Archive for the ‘Coming-of-Age’ Category

THE SECRET LIFE OF BEES by Sue Monk Kidd

Fourteen year-old Lily Melissa Owens has been a motherless child for ten years now. It fills her with anguish to think that she, at age four, had a hand in the accidental shooting death of Deborah Fontanel Owens, her own mother. Lily’s life has been shaped around this incident, and she has never ceased to yearn for her mother, (for a mother’s love), although her memories of the actual woman have been blurred by time. In fact, Lily has very little memory of that dark day’s events, and is totally dependent on her miserable, sadistic father, T. Ray Owens, for any and all accounts of her mom. The only person who shows her any affection is Rosaleen, a black peach-picker T. Ray brought in from the fields to care for his child.

January 20, 2014 · Judi Clark · No Comments
Tags: ,  · Posted in: Class - Race - Gender, Coming-of-Age, Contemporary, Theme driven, US South

ALL THE LIGHT THERE WAS by Nancy Kricorian

The setting is World War II Paris — when the Germans begin their occupation of the city, the protagonist of this story is just turning sixteen. Maral Pegorian and her older brother, Missak, are part of an Armenian family displaced to France after the Armenian genocide. They are stateless refugees and have made the suburb of Belleville in Paris, their home. Maral’s father is a cobbler and owns a small shoe shop hoping to one day pass on his skills to his son.

January 7, 2014 · Judi Clark · No Comments
Tags: , , , , ,  · Posted in: Coming-of-Age, Facing History, France, Reading Guide

WE NEED NEW NAMES by NoViolet Bulawayo

NoViolet Bulawayo’s debut novel, WE NEED NEW NAMES, is the story of Darling, a young Zimbabwean girl living in a shantytown called Paradise. She is feisty ten-year old, an astute observer of her surroundings and the people in her life. Bulawayo structures her novel more like a series of linked stories, written in episodic chapters, told loosely chronologically than in one integrated whole. In fact, the short story “Hitting Budapest,” that became in some form an important chapter in this “novel,” won the prestigious 2011 Caine Prize for African Writing.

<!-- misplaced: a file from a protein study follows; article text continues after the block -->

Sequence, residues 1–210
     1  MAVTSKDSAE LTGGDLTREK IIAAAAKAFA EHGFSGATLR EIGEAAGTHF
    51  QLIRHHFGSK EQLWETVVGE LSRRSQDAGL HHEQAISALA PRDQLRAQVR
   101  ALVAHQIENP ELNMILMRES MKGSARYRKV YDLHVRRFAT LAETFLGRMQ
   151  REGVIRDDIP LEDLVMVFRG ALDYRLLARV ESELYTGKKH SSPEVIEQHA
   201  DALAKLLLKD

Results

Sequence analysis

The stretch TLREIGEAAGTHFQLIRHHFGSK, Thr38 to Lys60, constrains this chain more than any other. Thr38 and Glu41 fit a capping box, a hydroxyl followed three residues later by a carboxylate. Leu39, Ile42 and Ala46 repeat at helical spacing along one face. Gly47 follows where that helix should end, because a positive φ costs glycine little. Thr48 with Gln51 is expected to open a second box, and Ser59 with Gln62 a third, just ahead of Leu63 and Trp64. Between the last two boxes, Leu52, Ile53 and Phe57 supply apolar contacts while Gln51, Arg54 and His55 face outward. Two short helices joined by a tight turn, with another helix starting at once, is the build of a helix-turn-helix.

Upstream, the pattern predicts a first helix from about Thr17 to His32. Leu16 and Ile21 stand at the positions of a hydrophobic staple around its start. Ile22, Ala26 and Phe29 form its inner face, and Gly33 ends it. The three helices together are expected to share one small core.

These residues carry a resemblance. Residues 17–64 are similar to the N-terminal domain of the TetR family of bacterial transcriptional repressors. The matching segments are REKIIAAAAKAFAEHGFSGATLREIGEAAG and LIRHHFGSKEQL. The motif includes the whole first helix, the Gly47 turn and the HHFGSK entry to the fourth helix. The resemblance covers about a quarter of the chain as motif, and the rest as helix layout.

In addition to Darling, the stories introduce her gang of close friends. They are vividly and realistically drawn and we can easily imagine them as they roam free in their neighbourhood and also secretly walk into “Budapest,” a near-by district of the well-off…

January 5, 2014 · Judi Clark · No Comments
Tags: , ,  · Posted in: Africa, Coming-of-Age, Man Booker Nominee, Short Stories, US Midwest, World Lit

THE CAT’S TABLE by Michael Ondaatje

In his new novel, THE CAT’S TABLE, Michael Ondaatje imagines a young boy’s three-week sea voyage across the oceans, from his home in Colombo, Sri Lanka (then Ceylon) to England. The eleven-year-old travels alone and is, not surprisingly, allocated to the “lowly” Cat’s Table, where he joins an odd assortment of adults and two other boys of similar age.

October 7, 2011 · Judi Clark · No Comments
Tags: , , , ,  · Posted in: Coming-of-Age, Contemporary, Facing History, Literary

CHILD WONDER by Roy Jacobsen

Navigating that shaky bridge between childhood and adulthood is never easy, particularly in 1961 – a time when “men became boys and housewives women,” a year when Yuri Gargarin is poised to conquer space and when the world is on the cusp of change.

Into this moment of time, Norwegian author Roy Jacobsen shines a laser light on young Finn and his mother Gerd, who live in the projects of Oslo. Fate has not been kind to them: Gerd’s husband, a crane operator, divorced her and then died in an accident, leaving the family in a financially precarious position. To make ends meet, she works in a shoe store and runs an ad for a lodger for extra money.

September 28, 2011 · Judi Clark · No Comments
Tags: , , , , ,  · Posted in: Coming-of-Age, Facing History, Family Matters, Norway, Translated, World Lit, y Award Winning Author

WE THE ANIMALS by Justin Torres

WE THE ANIMALS in this wonderful debut novel refers to three brothers, close in age, growing up in upstate New York. They are the Three Musketeers bound strongly together not just because of geographical isolation but because of cultural separateness too. The brothers are born to a white mother and a Puerto Rican father—they are half-breeds confused about their identity and constrained by desperate and mind-numbing poverty.

September 22, 2011 · Judi Clark · No Comments
Tags: , , , , ,  · Posted in: Class - Race - Gender, Coming-of-Age, Contemporary, Family Matters, Latin American/Caribbean, NE & New York